“How will you tell our story when we are gone?” Things don’t always end how and when we want them to, and for the Bahamas Methodist interns, the decision has been that their injuries are serious enough to send them home for recuperation. Preparing for their departure; taking leave of new friends that have quickly become like family; some of them can’t help but wonder what version of the narrative future visitors and volunteers will hear. “Will we be described as naive? As victims of a freak accident? As heroic?” For better or for worse, many people on the island seem to be under the impression that they are neither naive nor heroic, but deceased after news spread that they were struck by a rogue wave while walking on the cliffs. Thanks be to God, that narrative is not true, but it is hard to leave not knowing how their story will be told.
Several years ago, when I started in pastoral ministry in North Carolina, a particularly wise Bahamian told me that I must make sure to always tell my story. He told me that my story was my truth, only I knew it and only I could tell it. But if I did not tell it, there would always be people willing to rush in and tell it for me whether it was the truth or not.
That reality is expressed in few places as surely as the church – we love to tell one another’s stories, often with as much enthusiasm and visceral delight as we find in telling the “old, old story, of Jesus and his love.” Stories about others, sometimes called rumors, are traded like rare and valuable baseball cards, that once obtained give a great sense of pride to the owner until they are traded up for something even more valuable.
This can produce anxiety… if you let it. Yet, for our departing interns, as for me, as for you, as for us all, the key is not what story will be told, the key is what story will be lived. Our own actions and our own words are the only thing any of us have authentic control over. That action, called self-control, is a virtue and a fruit of the spirit – while control of others and what they say and do is neither virtue nor fruit. A simple modifying noun makes all the difference. I’ve lived off the high of trading stories and trying to control the world around me enough to know that it is a high that is neither authentic, nor lasting, nor satisfying. It seems the more we try to control what is not ours to control, the less control we truly have; for in the act of control of others, we have lost control of self.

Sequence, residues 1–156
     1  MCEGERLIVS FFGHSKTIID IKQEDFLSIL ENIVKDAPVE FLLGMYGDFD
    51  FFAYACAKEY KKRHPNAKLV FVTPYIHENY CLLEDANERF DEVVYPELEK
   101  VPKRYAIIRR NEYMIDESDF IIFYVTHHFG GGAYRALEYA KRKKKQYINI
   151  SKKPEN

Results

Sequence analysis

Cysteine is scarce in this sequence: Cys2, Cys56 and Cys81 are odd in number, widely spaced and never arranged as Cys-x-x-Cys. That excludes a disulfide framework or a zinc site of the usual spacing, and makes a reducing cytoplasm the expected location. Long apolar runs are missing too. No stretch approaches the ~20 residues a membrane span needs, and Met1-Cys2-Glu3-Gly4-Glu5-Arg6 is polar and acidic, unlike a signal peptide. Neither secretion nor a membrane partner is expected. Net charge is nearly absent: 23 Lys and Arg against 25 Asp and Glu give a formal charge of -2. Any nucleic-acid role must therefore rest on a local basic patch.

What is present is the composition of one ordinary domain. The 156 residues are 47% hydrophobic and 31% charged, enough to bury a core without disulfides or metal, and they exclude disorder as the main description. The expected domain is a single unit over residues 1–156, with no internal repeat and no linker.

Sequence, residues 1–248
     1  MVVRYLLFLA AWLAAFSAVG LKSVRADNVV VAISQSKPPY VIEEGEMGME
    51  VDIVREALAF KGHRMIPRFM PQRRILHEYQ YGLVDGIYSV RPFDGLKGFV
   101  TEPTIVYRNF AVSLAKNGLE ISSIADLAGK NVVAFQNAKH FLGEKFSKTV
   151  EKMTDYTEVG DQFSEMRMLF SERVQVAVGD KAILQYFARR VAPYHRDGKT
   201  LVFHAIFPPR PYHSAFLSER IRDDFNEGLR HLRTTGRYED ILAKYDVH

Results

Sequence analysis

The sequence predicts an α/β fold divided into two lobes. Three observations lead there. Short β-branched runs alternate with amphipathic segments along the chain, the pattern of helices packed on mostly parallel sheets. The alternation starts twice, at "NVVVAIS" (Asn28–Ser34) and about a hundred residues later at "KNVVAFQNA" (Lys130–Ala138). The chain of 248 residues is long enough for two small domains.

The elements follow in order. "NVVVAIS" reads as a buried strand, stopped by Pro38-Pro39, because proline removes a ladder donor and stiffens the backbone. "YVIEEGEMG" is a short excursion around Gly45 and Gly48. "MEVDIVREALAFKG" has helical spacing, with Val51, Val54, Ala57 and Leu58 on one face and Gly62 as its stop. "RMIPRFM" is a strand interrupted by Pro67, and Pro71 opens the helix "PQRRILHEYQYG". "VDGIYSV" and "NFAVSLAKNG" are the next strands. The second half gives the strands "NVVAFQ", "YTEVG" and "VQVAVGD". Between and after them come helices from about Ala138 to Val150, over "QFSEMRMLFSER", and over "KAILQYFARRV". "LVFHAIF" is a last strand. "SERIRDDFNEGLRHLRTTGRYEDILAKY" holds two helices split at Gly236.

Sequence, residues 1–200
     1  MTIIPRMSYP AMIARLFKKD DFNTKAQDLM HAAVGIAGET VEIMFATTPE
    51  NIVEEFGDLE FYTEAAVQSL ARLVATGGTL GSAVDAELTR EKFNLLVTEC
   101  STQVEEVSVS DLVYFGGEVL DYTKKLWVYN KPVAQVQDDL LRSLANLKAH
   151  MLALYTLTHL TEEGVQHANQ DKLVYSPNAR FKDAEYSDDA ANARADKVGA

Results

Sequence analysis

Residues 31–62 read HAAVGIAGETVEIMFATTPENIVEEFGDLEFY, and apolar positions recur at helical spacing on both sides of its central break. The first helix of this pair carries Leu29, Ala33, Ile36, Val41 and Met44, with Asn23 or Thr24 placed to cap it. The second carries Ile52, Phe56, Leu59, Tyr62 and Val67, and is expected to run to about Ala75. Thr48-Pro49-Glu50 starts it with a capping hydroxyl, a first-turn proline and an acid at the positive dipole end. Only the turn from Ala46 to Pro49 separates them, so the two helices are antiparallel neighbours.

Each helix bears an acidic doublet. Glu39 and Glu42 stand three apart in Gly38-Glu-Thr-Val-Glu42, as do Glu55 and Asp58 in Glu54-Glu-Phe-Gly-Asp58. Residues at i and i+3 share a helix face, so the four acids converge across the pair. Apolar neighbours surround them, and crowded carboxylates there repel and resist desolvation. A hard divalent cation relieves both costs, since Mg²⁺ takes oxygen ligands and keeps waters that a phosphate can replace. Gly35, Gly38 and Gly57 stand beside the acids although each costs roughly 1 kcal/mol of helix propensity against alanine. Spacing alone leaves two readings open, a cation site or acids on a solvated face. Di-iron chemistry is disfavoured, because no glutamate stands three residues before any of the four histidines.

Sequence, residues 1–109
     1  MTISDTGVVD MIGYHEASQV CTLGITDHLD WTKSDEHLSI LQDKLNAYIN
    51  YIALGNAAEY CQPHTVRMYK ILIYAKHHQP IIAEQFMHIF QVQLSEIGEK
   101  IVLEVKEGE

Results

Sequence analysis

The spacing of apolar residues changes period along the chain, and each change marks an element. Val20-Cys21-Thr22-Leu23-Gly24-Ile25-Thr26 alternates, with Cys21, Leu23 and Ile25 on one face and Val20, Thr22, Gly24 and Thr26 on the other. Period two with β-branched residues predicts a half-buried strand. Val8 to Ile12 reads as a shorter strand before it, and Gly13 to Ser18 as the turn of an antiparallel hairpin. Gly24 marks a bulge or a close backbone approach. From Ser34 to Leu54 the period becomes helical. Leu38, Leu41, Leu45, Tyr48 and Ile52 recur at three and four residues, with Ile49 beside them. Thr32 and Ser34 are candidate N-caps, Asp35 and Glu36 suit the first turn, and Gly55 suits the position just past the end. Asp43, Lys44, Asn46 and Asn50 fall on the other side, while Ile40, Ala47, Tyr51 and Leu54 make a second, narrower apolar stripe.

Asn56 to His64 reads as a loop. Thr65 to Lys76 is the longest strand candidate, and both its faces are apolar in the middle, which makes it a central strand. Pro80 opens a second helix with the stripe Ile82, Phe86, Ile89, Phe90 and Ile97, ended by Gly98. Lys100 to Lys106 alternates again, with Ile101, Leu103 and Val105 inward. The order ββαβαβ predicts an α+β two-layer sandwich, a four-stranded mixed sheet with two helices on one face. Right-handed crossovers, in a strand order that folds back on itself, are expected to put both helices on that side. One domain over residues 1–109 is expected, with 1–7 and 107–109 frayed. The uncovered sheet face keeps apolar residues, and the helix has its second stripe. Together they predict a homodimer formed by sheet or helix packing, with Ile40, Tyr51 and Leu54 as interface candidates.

“All those things in life. All those things in life. When you’re dead and you’re gone to Jesus, all those things in life going to be gone.”
I’m shaken out of my reflections by the groans from the woman in the flowered straw hat on the clinic bench beside me. Waiting for the interns wounds to be rebandaged, I sit beside an elderly woman who is writhing in pain after falling and bruising her knee the night before.
“All those things in life. All those things in life. When you’re dead and you’re gone to Jesus, all those things in life…”
She’s right, you know. All those things in life that frustrate you, when you’re dead and gone to Jesus, that is all that they are going to be – all those things in life.
But as right as she is, all those things in life can feel awfully important while you are living through them – and as much as her mind denies it, her body well knows it as she arches her back and throws herself against my shoulder moaning, “All those things in life… All those things in life.”
Helpless to do anything to ease her anguish, all I can offer is my agreement. Yes, all those things in life… all those things in life… we must learn to live more gently through all these things in life.
As we left the clinic, we went back to the cliffs that they had been dragged down. (Don’t worry Abe, not close enough to get caught by another rogue wave, just close enough to observe from a distance). Jess, Alex & Alicia were able to see and remember and begin to understand what had happened to them. And because they were better able to understand their story, they will now be better able to tell it. So friends, go home and tell your story, but be patient with yourself. Some stories take time to tell. Some stories we must tell to ourselves before we can tell them to others. And remember, as long as your life is not over, neither is your story, and the end of the story is never final – it is always be rewritten every moment, every hour, every day.
As you return home, there are many things that you will have no more control over than that rogue wave that arched over you with its white fury. Continue to write your ever-evolving story as you look to yourself to see where you place your feet, for those feet are the only thing you have control over. And look to God, who is no more controllable than your rogue wave, but much more merciful and who always has your best interests in mind.
“All those things in life. All those things in life…” Let us learn to live more loving, through all these things in life.